Unless you’re frightened of them, you shouldn’t say you’re “anxious to see your friends.” You’re actually “eager,” or "excited." To be “anxious” implies a looming fear, dread or anxiety. It doesn’t mean you’re looking forward to something.
Different Than and Different From
This is a tough one. Words like “rather” and “faster” are comparative adjectives, and are used to show comparison with the preposition “than,” (e.g., greater than, less than, faster than, rather than). The adjective “different” is used to draw distinction. So, when “different” is followed by a preposition, it should be “from,” similar to “separate from,” “distinct from,” or “away from.” e.g., My living situation in New York was different from home. There are rare cases where “different than” is appropriate, if “than” operates as a conjunction. e.g.,Development is different in New York than in Los Angeles. When in doubt, use “different from.”
Bring and Take
In order to employ proper usage of “bring” or “take,” the writer must know whether the object is being moved toward or away from the subject. If it is toward, use “bring.” If it is away, use “take.” Your spouse may tell you to “take your clothes to the cleaners.” The owner of the dry cleaners would say “bring your clothes to the cleaners.”
It isn't a word. "Impact" can be used as a noun (e.g., The impact of the crash was severe) or a transitive verb (e.g., The crash impacted my ability to walk or hold a job). "Impactful" is a made-up buzzword, colligated by the modern marketing industry in their endless attempts to decode the innumerable nuances of human behavior into a string of mindless metrics. Seriously, stop saying this.
Affect and Effect
Here’s a trick to help you remember: “Affect” is almost always a verb (e.g., Facebook affects people’s attention spans), and “effect” is almost always a noun (e.g., Facebook's effects can also be positive). “Affect” means to influence or produce an impression — to cause hence, an effect. “Effect” is the thing produced by the affecting agent; it describes the result or outcome. There are some exceptions. “Effect” may be used as a transitive verb, which means to bring about or make happen. e.g., My new computer effected a much-needed transition from magazines to Web porn. There are similarly rare examples where “affect” can be a noun. e.g., His lack of affect made him seem like a shallow person.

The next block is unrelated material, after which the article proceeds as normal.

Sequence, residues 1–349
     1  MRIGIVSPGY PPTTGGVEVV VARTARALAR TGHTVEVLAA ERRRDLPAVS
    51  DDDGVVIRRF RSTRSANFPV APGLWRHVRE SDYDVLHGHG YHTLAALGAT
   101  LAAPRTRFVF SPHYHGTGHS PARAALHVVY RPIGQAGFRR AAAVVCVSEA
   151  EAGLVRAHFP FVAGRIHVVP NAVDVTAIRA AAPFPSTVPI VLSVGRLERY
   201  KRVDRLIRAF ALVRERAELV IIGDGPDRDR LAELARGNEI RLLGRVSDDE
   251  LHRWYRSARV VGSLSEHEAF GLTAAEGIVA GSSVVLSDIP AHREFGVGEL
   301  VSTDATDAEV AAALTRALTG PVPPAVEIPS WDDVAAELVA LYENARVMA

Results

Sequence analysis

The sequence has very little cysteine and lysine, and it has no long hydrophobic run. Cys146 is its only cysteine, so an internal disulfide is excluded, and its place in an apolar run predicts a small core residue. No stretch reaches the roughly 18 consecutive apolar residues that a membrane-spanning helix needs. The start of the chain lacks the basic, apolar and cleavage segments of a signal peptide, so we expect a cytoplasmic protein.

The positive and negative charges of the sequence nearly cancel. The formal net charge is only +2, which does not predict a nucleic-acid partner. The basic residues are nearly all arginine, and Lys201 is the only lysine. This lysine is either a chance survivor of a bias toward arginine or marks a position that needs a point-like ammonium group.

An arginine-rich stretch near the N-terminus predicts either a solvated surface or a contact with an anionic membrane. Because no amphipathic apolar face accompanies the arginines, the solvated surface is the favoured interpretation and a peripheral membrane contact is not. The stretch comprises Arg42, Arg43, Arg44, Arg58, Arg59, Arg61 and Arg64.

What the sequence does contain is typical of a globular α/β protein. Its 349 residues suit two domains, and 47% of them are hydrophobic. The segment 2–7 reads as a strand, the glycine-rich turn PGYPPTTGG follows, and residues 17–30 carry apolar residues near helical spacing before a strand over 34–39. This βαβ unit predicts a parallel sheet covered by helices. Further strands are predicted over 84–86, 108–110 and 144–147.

Irony and Coincidence
Too many people claim something is the former when they actually mean the latter. For example, it’s not “ironic” that “Barbara moved from California to New York, where she ended up meeting and falling in love with a fellow Californian.” The fact that they’re both from California is a "coincidence." "Irony" is the incongruity in a series of events between the expected results and the actual results. "Coincidence" is a series of events that appear planned when they’re actually accidental. So, it would be "ironic" if “Barbara moved from California to New York to escape California men, but the first man she ended up meeting and falling in love with was a fellow Californian.”
Undoubtedly the most common mistake I encounter. Contrary to almost ubiquitous misuse, to be “nauseous” doesn’t mean you’ve been sickened: it actually means you possess the ability to produce nausea in others. e.g., That week-old hot dog is nauseous. When you find yourself disgusted or made ill by a nauseating agent, you are actually “nauseated.” e.g., I was nauseated after falling into that dumpster behind the Planned Parenthood. Stop embarrassing yourself.
He is a spoil boy بچه لوسی است
I have a lump in my throat بغض گلومو گرفته
It makes no appeal چنگی به دل نمی زنه
He is talkative آدم پرحرفی است
He is a man of few words آدم کم حرفی است
Don’t speak ill of the dead پشت سر مرده حرف نزن